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Sylvia Lim Refuses to Apologise, Questions if Parliament Practises Double Standards

“I will not apologise to this House because I believe I was doing my duty as an MP in the constitutional role…”

Workers’ Party MP Sylvia Lim refused to apologise and retract her statement in relation to allegations that the government had floated “test balloons” on the Goods and Services Tax (GST) hike in a heated exchange in parliament today with Leader of the House Grace Fu and Finance Minister Heng Swee Keat.

Lim has maintained that the government has been vague about when it would be raising GST, and that she was voicing the concerns of her constituents.

“If MPs believe that something is wrong, it’s MPs job to pursue the facts, and make these allegations in their own name, decide whether something seems to be wrong… then come to this House confront the government, ask for explanations and answers.”

However, PAP MPs Fu, Heng, Indranee Rajah and K Shanmugam set upon her over the past week, accusing her of being dishonest, to casting aspersions on the character of the government.

To this, Lim questioned today whether the government has double standards when it comes to clarifying allegations.

Quoting Prime Minister Lee Hsien Loong’s Lee’s comments during the parliamentary debate in July last year.

Then, PM Lee rebutted allegations levelled by his younger siblings, Lee Hsien Yang and Dr Lee Wei Ling, over their Oxley Road family home.

He had at the time that if MPs believe that something is wrong, it was their job to pursue the facts and make allegations in their own name and ask for answers.

Asked Lim in parliament today:

“I’d like the Leader to clarify, is there a difference in standard here? One standard when the PM’s name needs to be cleared and another standard when we are talking about raising taxes on the people?”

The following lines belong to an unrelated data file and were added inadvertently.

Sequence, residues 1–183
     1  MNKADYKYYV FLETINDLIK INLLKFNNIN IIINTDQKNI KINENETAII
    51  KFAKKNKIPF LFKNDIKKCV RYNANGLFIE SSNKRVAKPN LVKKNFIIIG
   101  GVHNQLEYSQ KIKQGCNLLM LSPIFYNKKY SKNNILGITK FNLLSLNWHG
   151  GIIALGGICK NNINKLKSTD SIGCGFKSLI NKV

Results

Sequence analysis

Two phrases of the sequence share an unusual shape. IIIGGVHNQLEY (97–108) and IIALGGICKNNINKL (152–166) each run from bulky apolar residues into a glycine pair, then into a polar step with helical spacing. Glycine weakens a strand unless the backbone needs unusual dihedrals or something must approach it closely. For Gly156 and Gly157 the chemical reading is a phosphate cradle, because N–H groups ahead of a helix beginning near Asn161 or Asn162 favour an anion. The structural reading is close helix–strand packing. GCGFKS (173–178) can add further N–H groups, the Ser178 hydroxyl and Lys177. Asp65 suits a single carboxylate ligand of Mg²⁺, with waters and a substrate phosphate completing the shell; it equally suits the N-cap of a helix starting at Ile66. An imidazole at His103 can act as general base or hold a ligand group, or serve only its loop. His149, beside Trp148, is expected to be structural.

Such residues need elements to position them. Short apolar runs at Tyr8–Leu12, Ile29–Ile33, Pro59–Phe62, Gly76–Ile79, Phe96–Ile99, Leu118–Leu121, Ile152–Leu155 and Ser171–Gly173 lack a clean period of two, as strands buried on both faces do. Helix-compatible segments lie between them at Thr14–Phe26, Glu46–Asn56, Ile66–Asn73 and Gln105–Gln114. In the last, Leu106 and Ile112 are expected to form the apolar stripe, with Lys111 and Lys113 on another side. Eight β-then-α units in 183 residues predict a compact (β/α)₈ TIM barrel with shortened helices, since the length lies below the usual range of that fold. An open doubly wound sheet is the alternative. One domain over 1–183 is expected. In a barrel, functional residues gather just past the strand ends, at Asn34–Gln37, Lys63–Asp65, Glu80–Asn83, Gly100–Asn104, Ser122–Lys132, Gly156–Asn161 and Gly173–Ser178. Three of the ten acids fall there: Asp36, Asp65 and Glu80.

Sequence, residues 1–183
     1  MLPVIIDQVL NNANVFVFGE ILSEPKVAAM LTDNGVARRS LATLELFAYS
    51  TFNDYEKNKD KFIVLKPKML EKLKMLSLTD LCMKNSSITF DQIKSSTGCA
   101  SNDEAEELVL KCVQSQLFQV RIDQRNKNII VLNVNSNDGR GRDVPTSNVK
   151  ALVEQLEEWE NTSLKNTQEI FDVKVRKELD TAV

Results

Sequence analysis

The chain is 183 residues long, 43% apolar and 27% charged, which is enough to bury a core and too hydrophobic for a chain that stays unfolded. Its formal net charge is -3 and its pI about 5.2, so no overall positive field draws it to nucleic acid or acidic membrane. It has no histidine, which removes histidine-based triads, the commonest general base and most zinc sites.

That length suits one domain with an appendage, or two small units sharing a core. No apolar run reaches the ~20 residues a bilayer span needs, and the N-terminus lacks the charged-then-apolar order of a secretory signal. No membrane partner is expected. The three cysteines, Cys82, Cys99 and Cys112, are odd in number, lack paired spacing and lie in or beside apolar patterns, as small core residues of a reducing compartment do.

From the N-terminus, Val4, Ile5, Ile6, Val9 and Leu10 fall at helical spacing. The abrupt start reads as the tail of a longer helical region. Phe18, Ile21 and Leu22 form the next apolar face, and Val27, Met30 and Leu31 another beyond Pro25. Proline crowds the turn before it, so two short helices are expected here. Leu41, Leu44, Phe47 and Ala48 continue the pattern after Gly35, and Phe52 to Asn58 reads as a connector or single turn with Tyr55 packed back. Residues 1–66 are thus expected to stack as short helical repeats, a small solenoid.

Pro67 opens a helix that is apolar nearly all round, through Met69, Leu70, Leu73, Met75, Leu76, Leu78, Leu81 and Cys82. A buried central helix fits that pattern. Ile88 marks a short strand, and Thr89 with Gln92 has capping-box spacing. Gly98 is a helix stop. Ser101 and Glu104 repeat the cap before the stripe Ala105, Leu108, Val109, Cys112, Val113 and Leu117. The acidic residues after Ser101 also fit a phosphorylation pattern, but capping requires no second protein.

Lim did not receive a direct answer to that question.

Lim added that she “did not accuse the Government of being untruthful”.

Explaining the reason for her suspicion that the government had floated “test balloons” on the GST hike, Lim said “the Government contributed to this suspicion by its non-denial of reports and economists’ predictions of an immediate GST rise.”

She said:

“Since 2013, the PM had said that our expected increases in spending would require more tax revenue. Finance Minister Heng had also made a similar statement in last year’s Budget, saying that the Government was studying how it would raise revenue through new taxes or raising tax rates. These statements were very general and did not specify any timeframe for the raising of taxes.

In November 2017, during the PAP Convention, PM Lee announced definitively that the Government would be raising taxes, as Government spending on investments and social services grew. He further stated that Finance Minister Heng was right when he said raising taxes was not a matter of whether, but when. PM’s statement was made on 19 November 2017, with the Budget Statement for 2018 just three months away.

Naturally, these announcements concerning tax increases set off public discussion and speculation. Three days later, on 22 November 2017, the Ministry of Finance issued a statement that PM Lee’s announcement at the PAP Convention was “in line” with a much earlier statement by DPM Tharman when he was Finance Minister in 2015. DPM Tharman had then said that the revenue measures that the Government had already undertaken would provide sufficiently for increased spending planned until the end of the decade. In reporting the MOF statement, Channel News Asia commented as follows:

‘The Ministry’s statement came after Mr Lee’s comments on the impending tax hike triggered public discussion that the Government is making a U-turn.’

MOF further stated that planning for the issue “now” would allow the Ministry to “better ease in the needed measures, and to give our people and businesses some time to adjust”.

The MOF statement did not definitively say that there would be no tax increase in this Budget.”



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